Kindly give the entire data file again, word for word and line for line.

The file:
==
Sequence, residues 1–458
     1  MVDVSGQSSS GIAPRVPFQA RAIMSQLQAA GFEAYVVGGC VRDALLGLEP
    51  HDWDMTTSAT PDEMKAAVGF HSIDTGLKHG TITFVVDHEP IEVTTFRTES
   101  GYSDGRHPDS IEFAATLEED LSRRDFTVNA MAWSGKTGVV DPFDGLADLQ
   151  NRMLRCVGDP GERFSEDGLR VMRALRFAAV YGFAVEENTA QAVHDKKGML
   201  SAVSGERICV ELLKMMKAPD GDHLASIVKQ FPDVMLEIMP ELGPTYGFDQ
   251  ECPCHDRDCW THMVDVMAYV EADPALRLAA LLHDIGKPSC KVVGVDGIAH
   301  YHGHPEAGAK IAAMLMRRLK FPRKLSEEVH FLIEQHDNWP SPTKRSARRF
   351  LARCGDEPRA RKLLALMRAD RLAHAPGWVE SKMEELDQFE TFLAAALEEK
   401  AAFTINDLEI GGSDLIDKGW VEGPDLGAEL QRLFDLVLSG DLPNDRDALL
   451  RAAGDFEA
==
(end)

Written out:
Sequence, residues 1–458
     1  MVDVSGQSSS GIAPRVPFQA RAIMSQLQAA GFEAYVVGGC VRDALLGLEP
    51  HDWDMTTSAT PDEMKAAVGF HSIDTGLKHG TITFVVDHEP IEVTTFRTES
   101  GYSDGRHPDS IEFAATLEED LSRRDFTVNA MAWSGKTGVV DPFDGLADLQ
   151  NRMLRCVGDP GERFSEDGLR VMRALRFAAV YGFAVEENTA QAVHDKKGML
   201  SAVSGERICV ELLKMMKAPD GDHLASIVKQ FPDVMLEIMP ELGPTYGFDQ
   251  ECPCHDRDCW THMVDVMAYV EADPALRLAA LLHDIGKPSC KVVGVDGIAH
   301  YHGHPEAGAK IAAMLMRRLK FPRKLSEEVH FLIEQHDNWP SPTKRSARRF
   351  LARCGDEPRA RKLLALMRAD RLAHAPGWVE SKMEELDQFE TFLAAALEEK
   401  AAFTINDLEI GGSDLIDKGW VEGPDLGAEL QRLFDLVLSG DLPNDRDALL
   451  RAAGDFEA